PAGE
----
Mateen, 29, of Fort Pierce, on June 12 embarked on a shooting spree at Pulse, a gay nightclub in Orlando, that left 49 dead and dozens injured. He was killed after a standoff with law enforcement officials.

At times, Mateen sounded antsy and condescending, at one point calling the negotiator “homeboy.”

He repeatedly hung up on negotiators and ignored questions about how the situation could be resolved peacefully.

“You’re annoying me with a lot of these phone calls,” an impatient Mateen said during one of the calls.

Asked by the negotiator whether Mateen had done anything about the crisis in the Middle East, Mateen sneered, “You already know what I did.”

Mateen, who insisted he be called “Soldier of God,” demanded the negotiator “do your (expletive) homework” on U.S. airstrikes in Syria and Iraq, while repeatedly demanding the strikes stop. He told negotiators he was wearing a vest, but refused to elaborate further.

At one point, a frenzied Mateen threatened a car outside the club was rigged with explosives that could take out nearly a city block.

“Your people are gonna get it, and I’m going to ignite it if they do anything stupid.” Mateen taunted.

Schreiber ordered the release of the audio recordings following dozens of media requests, said Attorney Rachel Fugate of Thomas & LoCicero law firm, with offices in South Florida and Tampa. The judge decided to further evaluate more than 200 other recordings of calls made to and from people in the nightclub, Fugate said after the Monday hearing. The 9th Judicial Circuit consists of Orange and Osceola counties.

Gannett, the publisher of USA TODAY, was one of more than 25 news organizations and news advocacy groups, including CNN and The New York Times, who sued the City of Orlando in Orange County, Fla., Circuit Court to compel the the release of the tapes.

“The legal battle has been proceeding for some time and there was a lot of back and forth, but we’re now down to the last remaining issues with respect to whether these calls will be released,” Fugate said.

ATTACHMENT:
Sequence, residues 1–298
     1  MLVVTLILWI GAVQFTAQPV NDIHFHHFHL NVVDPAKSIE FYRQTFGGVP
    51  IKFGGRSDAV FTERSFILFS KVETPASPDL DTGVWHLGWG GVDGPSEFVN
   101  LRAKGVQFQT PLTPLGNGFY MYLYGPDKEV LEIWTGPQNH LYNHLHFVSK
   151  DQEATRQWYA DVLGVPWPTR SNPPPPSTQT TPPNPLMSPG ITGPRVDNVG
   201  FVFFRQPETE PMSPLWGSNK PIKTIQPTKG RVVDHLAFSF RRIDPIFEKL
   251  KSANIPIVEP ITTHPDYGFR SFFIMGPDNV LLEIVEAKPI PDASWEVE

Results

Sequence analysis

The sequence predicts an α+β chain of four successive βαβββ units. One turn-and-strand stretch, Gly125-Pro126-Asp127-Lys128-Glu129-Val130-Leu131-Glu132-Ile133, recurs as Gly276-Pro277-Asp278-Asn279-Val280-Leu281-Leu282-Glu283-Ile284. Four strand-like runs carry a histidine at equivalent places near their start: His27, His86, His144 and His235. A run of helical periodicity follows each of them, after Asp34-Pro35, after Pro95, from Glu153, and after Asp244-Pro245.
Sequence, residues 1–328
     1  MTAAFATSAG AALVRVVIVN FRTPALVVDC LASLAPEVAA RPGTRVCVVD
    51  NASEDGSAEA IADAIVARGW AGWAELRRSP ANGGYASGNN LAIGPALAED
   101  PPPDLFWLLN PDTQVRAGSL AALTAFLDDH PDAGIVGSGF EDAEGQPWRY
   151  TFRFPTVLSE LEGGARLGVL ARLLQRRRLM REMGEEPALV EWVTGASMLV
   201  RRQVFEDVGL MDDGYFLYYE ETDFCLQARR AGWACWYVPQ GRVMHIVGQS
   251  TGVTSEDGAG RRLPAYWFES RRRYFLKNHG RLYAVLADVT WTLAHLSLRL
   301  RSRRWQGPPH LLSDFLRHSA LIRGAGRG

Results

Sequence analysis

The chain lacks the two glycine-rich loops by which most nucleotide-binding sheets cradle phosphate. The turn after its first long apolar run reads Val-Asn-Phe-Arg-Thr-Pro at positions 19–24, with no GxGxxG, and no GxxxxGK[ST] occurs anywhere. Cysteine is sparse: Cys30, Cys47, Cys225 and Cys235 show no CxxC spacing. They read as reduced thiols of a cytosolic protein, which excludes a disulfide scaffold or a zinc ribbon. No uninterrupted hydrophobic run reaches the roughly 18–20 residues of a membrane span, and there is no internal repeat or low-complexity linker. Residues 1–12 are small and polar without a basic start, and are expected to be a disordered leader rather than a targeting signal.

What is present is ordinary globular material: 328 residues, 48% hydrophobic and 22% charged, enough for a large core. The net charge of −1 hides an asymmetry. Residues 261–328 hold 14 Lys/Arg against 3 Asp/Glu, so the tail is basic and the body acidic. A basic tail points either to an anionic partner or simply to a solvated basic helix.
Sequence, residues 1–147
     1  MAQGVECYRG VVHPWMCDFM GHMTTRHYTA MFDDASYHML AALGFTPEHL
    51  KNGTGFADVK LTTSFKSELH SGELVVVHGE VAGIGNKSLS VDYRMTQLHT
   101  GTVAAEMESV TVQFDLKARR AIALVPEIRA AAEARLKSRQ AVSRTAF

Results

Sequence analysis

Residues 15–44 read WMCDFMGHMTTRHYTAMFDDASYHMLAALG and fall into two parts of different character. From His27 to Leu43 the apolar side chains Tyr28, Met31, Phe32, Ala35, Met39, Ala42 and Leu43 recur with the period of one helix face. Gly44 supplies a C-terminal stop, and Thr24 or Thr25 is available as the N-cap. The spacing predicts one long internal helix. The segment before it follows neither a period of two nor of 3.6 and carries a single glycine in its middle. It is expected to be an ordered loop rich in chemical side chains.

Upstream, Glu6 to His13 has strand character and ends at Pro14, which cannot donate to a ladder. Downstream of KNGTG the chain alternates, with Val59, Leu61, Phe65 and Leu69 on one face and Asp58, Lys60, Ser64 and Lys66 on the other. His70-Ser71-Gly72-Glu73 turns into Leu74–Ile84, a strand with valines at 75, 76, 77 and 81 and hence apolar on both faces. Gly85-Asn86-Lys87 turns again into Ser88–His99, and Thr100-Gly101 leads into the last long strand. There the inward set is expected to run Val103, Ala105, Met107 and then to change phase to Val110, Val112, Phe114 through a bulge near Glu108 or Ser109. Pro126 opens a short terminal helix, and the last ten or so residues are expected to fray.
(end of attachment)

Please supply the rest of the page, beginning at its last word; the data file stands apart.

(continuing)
Fugate said the City of Orlando asserted the calls couldn’t be released because of an active criminal investigation and also because they could depict the killing of a person.


“Any recording that depicts the killing of a person is exempt, but it does provide a mechanism to show good cause to get those recordings,” Fugate said.

She said the cause would be to evaluate the police response to the emergency.

Fugate said if a call doesn’t fall within the exemption it will be released, but if it does the judge will “make a determination whether there’s good cause for access in some form to the call.”

She said there was no time frame given during the hearing on when that could occur.

“I think this is going to give better insight into the timeline of events, what was happening within that nightclub, what were emergency responders communicating with the victims and the hostages in there and did they act swiftly enough in rescuing them,” Fugate said.

In early September, the City of Orlando stated the Department of Justice and the FBI “have advised the City of the FBI’s determination that the 911 calls no longer need to be protected as part of the active criminal investigation into the Pulse nightclub massacre.”